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I am trying to copy the x.file data into virtual volume of size 32 KB and trying to read again 32 KB from the same volume to y.file. It shows expected output when using cat y.file but whenever I am using vim/vi to see the content it shows appended character "^@".

Command to write data in virtual volume.

dd if=/tmp/x.file of=/dev/vv/<vv_id> seek=0 bs=16K count=2

Command to read the data from virtual volume.

dd of=/tmp/y.file if=/dev/vv/<vv_id> seek=0 bs=16K count=2

x.file contains series of pattern and size of 24 KB.
For eg:

if x.file PATTERN PATTERN PATTERN

then y.file PATTERN PATTERN PATTERN^@^@^@^@

EDIT:

Now, I know what was the reason of showing "^@" character. My input file size was less than 32 KB. But still have doubt why "^@" gets filled as it could be any other value ? Any specific reason ?

  • 2
    Does cat -A show anything strange? – Hauke Laging Apr 2 '18 at 12:04
  • @HaukeLaging Yes using cat -A shows the same output what I see using vim. – Rocoder Apr 2 '18 at 12:19
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    Does you x.file file contain exactly 32768 bytes (not less)? – Kusalananda Apr 2 '18 at 13:51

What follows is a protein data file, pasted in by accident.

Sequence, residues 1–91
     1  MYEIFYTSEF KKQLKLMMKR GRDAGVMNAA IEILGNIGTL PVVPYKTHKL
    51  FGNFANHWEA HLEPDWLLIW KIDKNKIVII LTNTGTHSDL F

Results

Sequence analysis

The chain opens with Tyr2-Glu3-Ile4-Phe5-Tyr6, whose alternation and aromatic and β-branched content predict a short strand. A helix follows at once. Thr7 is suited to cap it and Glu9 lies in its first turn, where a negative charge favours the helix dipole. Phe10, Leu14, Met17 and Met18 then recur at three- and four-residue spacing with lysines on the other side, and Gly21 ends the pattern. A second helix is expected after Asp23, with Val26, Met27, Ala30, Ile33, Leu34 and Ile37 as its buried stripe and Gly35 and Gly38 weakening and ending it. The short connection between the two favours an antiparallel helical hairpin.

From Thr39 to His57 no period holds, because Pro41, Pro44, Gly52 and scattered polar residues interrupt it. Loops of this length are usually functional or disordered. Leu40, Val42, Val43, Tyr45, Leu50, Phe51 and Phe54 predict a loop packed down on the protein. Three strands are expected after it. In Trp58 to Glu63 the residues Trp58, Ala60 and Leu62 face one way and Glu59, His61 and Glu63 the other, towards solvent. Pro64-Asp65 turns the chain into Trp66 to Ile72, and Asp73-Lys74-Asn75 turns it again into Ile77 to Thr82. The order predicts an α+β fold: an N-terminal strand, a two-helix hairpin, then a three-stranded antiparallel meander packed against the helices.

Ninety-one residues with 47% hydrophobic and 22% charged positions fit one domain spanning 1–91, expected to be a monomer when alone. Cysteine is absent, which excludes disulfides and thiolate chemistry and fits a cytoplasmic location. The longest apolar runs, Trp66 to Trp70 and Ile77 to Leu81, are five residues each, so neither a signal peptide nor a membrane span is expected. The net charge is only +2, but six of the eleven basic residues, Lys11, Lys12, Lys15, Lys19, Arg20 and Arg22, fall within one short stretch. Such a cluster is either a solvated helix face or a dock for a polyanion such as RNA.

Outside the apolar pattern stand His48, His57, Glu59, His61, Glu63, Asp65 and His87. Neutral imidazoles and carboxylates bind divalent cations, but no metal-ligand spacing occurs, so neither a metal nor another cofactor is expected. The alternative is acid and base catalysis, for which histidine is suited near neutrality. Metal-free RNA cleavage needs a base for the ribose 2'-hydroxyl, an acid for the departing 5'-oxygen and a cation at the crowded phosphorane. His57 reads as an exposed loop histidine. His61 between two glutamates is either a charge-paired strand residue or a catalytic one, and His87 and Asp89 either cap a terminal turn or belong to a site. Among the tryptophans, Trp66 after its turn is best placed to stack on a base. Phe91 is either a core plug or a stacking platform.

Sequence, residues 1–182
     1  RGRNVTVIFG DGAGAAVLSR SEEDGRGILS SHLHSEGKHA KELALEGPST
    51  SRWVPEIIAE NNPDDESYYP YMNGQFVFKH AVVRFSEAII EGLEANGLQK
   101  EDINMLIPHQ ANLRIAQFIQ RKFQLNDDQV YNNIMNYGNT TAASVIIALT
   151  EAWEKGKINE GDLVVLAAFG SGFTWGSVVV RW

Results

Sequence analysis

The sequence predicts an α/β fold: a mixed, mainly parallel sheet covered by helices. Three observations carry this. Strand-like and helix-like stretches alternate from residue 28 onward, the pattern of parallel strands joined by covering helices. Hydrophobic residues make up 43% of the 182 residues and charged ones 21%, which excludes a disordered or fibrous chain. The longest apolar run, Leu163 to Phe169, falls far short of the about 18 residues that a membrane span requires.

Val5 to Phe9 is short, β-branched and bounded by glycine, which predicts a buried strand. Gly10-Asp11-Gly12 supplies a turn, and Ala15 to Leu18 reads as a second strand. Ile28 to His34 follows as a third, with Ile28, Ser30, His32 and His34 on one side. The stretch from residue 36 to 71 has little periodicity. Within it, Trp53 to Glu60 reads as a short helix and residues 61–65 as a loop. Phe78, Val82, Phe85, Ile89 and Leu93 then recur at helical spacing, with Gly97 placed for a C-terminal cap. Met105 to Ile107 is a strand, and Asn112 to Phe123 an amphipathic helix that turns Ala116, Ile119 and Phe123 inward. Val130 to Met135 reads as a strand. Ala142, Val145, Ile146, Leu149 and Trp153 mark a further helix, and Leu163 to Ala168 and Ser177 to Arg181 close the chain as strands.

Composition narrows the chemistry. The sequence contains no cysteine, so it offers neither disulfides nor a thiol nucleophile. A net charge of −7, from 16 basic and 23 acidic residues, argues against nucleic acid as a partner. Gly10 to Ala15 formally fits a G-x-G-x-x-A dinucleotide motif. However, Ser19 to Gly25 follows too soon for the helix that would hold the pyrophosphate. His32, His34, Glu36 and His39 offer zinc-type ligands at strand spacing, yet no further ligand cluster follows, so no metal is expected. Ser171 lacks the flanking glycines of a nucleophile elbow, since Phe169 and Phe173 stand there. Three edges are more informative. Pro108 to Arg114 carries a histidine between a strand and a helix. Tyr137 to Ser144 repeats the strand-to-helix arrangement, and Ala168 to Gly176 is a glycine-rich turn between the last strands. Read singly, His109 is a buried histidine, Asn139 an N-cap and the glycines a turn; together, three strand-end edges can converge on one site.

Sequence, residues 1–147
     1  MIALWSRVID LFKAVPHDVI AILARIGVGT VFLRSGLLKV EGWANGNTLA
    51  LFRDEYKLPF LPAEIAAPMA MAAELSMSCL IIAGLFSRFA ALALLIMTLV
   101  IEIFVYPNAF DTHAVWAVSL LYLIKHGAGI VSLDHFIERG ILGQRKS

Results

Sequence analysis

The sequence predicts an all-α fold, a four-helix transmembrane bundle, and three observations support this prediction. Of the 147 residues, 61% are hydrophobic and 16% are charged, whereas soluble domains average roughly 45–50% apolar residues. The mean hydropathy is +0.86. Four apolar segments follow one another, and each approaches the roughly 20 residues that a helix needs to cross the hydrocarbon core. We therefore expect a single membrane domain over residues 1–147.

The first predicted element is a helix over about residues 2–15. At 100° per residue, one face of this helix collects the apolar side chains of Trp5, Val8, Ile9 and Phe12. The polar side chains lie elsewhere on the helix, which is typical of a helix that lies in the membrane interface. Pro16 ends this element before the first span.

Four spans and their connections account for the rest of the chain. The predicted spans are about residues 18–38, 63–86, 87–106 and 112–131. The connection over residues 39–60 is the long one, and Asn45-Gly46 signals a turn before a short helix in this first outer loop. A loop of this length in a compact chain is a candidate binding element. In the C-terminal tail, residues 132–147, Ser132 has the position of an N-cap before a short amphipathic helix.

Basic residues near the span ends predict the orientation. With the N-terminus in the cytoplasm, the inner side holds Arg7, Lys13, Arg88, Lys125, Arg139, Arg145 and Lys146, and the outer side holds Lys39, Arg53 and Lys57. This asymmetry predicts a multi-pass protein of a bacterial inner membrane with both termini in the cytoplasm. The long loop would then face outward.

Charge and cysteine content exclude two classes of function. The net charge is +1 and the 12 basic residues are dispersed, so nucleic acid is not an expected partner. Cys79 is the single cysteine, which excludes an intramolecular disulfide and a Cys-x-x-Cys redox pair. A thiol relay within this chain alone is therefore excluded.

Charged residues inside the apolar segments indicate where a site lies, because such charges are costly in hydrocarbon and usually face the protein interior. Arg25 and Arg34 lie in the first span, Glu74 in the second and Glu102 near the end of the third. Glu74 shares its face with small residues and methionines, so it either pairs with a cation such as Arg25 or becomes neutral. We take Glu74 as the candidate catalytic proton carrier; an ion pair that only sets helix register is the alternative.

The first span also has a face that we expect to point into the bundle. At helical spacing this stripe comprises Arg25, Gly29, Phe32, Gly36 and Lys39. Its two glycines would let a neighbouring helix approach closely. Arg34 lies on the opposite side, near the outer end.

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    What is the output of cmp x.file y.file ? – Mark Plotnick Apr 2 '18 at 16:19
  • @Kusalananda it was mistake from my side. Size of the x.file is less than 32K. I had many files all were greater size than 32K except x.file. – Rocoder Apr 3 '18 at 4:50
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From comments, it is clear that the file x.file is less than 32768 bytes (32 KiB). This means that when dd is asked to write 32 KiB to /dev/vv/<vv_id>, it won't be able to copy it all from the file and the last bit of the 32 KiB will remain unwritten.

This uninitialized data will then be copied to y.file with the second dd operation, and this is what you see when you open that file in an editor.

The ^@ is the editor's way of showing a nul byte. From reading the dd manual, it's unclear to me whether this is what's written to the device by the first dd, or if it's junk data that were already present on the device before the first dd invocation.

  • "it's unclear to me whether this is what's written to the device by the first dd" -- The first dd should show you 32768 bytes (33 kB) copied – Patrick Apr 5 '18 at 11:14

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